SCIENCE
08/21/2017 01:06 pm ET Updated Aug 21, 2017

The Total Solar Eclipse Is Finally Here And The Photos Don't Disappoint

Worth the hype.
The total solar eclipse is seen in Madras, Oregon. 
Aubrey Gemignani/NASA
The total solar eclipse is seen in Madras, Oregon. 

Unless you’ve been living in a fallout bunker (and who would blame you), everyone should know Monday is the day people around the U.S. have been excited about for the past few months.

Yes, the total solar eclipse has finally arrived.

Photographers across the country captured the phenomenon in various stages with cameras fitted with special filters, along with images of crowds taking in the spectacle. 

Check out the best photos so far of this rare coast-to-coast event below, and we’ll keep updating throughout the day. 

  • The Moon is seen as it starts passing in front of the Sun during the solar eclipse August 21, 2017 from Ross Lake, North Casc
    Bill Ingalls/NASA via Getty Images
    The Moon is seen as it starts passing in front of the Sun during the solar eclipse August 21, 2017 from Ross Lake, North Cascades National Park, Washington.
  • A cheerleader uses solar viewing glasses before welcoming guests to the football stadium to watch the total solar eclipse at
    Brian Snyder / Reuters
    A cheerleader uses solar viewing glasses before welcoming guests to the football stadium to watch the total solar eclipse at Southern Illinois University in Carbondale, Illinois. 
  • IMG_9761
  • A news photographer adjusts his telephoto lens equipped with a filter in front of the U.S. Capitol on Monday, Aug. 21, 2017,
    Bill Clark via Getty Images
    A news photographer adjusts his telephoto lens equipped with a filter in front of the U.S. Capitol on Monday, Aug. 21, 2017, in preparation for today's solar eclipse. 
  • A composite image, made from seven frames, shows the International Space Station, with a crew of six onboard, as it transits
    NASA via Getty Images
    A composite image, made from seven frames, shows the International Space Station, with a crew of six onboard, as it transits the Sun at roughly five miles per second during the solar eclipse. 
  • A man looks through his solar viewing glasses in New York City. 
    Brendan McDermid / Reuters
    A man looks through his solar viewing glasses in New York City. 
  • Depoe Bay, Oregon
    Mike Blake / Reuters
    Depoe Bay, Oregon
  • Ross Lake, North Cascades National Park, Washington.
    Bill Ingalls/NASA via Getty Images
    Ross Lake, North Cascades National Park, Washington.
  • Madras, Oregon. 
    Aubrey Gemignani/NASA
    Madras, Oregon. 
  • People watch the Solar Eclipse in Depoe Bay, Oregon. 
    Mike Blake / Reuters
    People watch the Solar Eclipse in Depoe Bay, Oregon. 
  • The 'diamond ring effect' is seen during a total solar is seen from the Lowell Observatory Solar Eclipse Experience in Madras
    STAN HONDA via Getty Images
    The 'diamond ring effect' is seen during a total solar is seen from the Lowell Observatory Solar Eclipse Experience in Madras, Oregon. 
  • Depoe Bay, Oregon
    Mike Blake / Reuters
    Depoe Bay, Oregon
  • A total solar eclipse is seen from the Lowell Observatory Solar Eclipse Experience in Madras, Oregon. 
    STAN HONDA via Getty Images
    A total solar eclipse is seen from the Lowell Observatory Solar Eclipse Experience in Madras, Oregon. 
  • Totality in Depoe Bay, Oregon. 
    Mike Blake / Reuters
    Totality in Depoe Bay, Oregon. 
  • A Mexican boy looks through a telescope at the beginning of the solar eclipse, at the esplanade of the Museum of Natural Hist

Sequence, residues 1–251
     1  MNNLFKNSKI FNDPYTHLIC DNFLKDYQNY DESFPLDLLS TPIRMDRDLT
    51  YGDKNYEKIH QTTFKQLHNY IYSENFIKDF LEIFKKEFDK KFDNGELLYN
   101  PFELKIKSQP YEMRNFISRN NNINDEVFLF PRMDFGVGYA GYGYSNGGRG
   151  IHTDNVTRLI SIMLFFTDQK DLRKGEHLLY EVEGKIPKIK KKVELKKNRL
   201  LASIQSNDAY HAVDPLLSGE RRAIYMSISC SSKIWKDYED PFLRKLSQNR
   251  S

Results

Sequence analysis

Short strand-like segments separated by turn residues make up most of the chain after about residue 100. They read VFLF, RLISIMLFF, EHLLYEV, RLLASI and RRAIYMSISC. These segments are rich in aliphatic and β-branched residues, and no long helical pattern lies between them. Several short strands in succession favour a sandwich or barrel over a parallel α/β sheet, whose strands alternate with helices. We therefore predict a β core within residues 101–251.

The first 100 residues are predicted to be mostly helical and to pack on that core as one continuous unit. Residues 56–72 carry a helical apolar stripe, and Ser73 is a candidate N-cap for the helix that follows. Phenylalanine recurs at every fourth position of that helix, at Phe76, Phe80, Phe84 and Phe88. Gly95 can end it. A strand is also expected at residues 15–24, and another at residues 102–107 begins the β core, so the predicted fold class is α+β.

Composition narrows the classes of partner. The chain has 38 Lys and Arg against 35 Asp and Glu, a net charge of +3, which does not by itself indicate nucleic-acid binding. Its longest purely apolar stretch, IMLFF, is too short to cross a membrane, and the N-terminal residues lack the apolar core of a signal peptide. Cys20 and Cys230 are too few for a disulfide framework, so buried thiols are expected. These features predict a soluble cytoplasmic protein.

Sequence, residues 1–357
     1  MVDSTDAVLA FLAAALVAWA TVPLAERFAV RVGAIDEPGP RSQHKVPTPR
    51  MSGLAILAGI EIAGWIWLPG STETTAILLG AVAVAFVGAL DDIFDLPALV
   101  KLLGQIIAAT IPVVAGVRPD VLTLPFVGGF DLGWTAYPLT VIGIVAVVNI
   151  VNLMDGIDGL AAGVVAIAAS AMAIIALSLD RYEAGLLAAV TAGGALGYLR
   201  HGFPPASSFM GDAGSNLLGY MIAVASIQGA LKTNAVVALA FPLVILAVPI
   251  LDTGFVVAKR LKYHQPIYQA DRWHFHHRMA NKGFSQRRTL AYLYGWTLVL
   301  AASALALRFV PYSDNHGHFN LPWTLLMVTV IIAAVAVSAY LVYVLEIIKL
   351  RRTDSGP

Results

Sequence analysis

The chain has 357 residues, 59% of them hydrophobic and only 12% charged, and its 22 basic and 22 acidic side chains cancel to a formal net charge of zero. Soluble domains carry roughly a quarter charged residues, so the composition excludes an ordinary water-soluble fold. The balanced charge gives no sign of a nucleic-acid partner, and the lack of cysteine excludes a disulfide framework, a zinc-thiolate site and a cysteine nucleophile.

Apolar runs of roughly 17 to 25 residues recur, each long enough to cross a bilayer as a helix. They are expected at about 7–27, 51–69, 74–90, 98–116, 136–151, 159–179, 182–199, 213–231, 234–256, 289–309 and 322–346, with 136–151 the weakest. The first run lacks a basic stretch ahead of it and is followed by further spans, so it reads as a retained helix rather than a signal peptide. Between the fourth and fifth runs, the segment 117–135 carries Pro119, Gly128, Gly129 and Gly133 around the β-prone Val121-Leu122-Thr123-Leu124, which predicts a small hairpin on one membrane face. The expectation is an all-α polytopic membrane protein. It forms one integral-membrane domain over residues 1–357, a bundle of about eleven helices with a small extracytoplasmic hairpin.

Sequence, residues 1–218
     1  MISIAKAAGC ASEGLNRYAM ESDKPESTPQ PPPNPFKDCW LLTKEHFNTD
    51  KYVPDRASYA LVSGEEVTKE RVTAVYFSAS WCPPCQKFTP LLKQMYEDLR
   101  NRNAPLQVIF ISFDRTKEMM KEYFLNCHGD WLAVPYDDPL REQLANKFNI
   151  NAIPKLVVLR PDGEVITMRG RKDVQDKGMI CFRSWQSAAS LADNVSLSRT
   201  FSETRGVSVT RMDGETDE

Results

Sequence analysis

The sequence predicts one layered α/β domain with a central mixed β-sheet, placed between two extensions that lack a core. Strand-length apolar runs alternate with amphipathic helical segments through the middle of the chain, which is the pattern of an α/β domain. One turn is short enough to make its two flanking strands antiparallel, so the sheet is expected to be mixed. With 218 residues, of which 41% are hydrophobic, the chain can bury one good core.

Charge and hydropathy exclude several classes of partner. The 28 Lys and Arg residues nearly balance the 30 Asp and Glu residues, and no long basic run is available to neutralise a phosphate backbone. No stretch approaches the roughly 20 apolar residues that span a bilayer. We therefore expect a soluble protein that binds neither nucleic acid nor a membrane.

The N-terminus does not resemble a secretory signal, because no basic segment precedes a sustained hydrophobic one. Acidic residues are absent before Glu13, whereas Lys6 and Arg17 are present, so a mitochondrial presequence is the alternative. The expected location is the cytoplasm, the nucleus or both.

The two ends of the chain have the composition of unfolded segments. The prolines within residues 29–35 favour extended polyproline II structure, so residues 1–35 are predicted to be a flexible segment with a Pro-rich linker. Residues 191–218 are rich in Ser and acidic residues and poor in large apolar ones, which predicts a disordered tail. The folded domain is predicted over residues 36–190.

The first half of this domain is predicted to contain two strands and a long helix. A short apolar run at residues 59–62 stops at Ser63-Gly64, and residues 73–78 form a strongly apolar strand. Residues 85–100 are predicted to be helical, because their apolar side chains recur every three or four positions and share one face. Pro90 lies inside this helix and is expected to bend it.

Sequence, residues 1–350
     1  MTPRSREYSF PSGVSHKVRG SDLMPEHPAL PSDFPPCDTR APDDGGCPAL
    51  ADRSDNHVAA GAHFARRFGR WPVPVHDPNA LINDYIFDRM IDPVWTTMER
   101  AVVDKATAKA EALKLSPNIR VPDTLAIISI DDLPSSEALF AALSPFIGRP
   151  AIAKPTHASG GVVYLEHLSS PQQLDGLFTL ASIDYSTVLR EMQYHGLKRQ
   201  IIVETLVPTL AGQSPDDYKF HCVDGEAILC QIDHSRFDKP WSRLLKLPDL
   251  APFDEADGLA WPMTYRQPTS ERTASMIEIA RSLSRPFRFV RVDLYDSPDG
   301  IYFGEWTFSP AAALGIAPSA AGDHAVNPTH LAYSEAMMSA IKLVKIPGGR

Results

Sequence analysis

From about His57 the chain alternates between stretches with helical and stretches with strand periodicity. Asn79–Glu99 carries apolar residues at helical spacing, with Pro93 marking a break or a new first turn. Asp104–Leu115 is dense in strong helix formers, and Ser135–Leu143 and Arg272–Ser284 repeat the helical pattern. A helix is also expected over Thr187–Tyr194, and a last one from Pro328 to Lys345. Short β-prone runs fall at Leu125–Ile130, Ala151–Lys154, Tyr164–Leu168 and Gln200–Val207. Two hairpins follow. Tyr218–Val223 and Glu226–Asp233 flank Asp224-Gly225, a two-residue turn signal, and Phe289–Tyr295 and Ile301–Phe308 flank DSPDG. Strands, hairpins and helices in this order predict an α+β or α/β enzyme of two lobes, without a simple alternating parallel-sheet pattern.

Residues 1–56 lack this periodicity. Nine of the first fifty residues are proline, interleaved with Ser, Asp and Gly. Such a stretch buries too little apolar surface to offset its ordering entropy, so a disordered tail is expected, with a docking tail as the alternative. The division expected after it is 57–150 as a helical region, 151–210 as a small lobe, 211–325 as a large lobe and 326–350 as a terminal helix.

PEDRO PARDO via Getty Images
    A Mexican boy looks through a telescope at the beginning of the solar eclipse, at the esplanade of the Museum of Natural History in Mexico City. 
  • Mexico City, Mexico. 
    PEDRO PARDO via Getty Images
    Mexico City, Mexico. 
  • The "Bailey's Beads" effect is seen as the moon makes its final move over the sun over Madras, Oregon. 
    Aubrey Gemignani/NASA
    The "Bailey's Beads" effect is seen as the moon makes its final move over the sun over Madras, Oregon. 
  • Members of the media watch the solar eclipse at the White House. 
    Yuri Gripas / Reuters
    Members of the media watch the solar eclipse at the White House. 
  • Attorney General Jeff Sessions, left, and Commerce Secretary Wilbur Ross watch from the White House. 
    Kevin Lamarque / Reuters
    Attorney General Jeff Sessions, left, and Commerce Secretary Wilbur Ross watch from the White House. 
  • President Donald Trump watches from the Truman Balcony. 
    Kevin Lamarque / Reuters
    President Donald Trump watches from the Truman Balcony. 
  • The sun is is in full eclipse over Grand Teton National Park outside Jackson, Wyoming. 
    George Frey via Getty Images
    The sun is is in full eclipse over Grand Teton National Park outside Jackson, Wyoming. 
  • In-camera multiple exposure of the solar eclipse as seen in Salem, Oregon. 
    Marcus Yam via Getty Images
    In-camera multiple exposure of the solar eclipse as seen in Salem, Oregon. 
  • Charleston, South Carolina. 
    MANDEL NGAN via Getty Images
    Charleston, South Carolina. 
  • Alliance, Nebraska.
    RJ Sangosti via Getty Images
    Alliance, Nebraska.
  • A man takes a look at the solar eclipse at Liberty State Island in New York. 
    Eduardo Munoz / Reuters
    A man takes a look at the solar eclipse at Liberty State Island in New York. 
  • Enthusiasts Tanner Person and Josh Blink, both from Vacaville, California,  atop Carroll Rim Trail at Painted Hills, a u
    Adrees Latif / Reuters
    Enthusiasts Tanner Person and Josh Blink, both from Vacaville, California,  atop Carroll Rim Trail at Painted Hills, a unit of the John Day Fossil Beds National Monument, near Mitchell, Oregon. 
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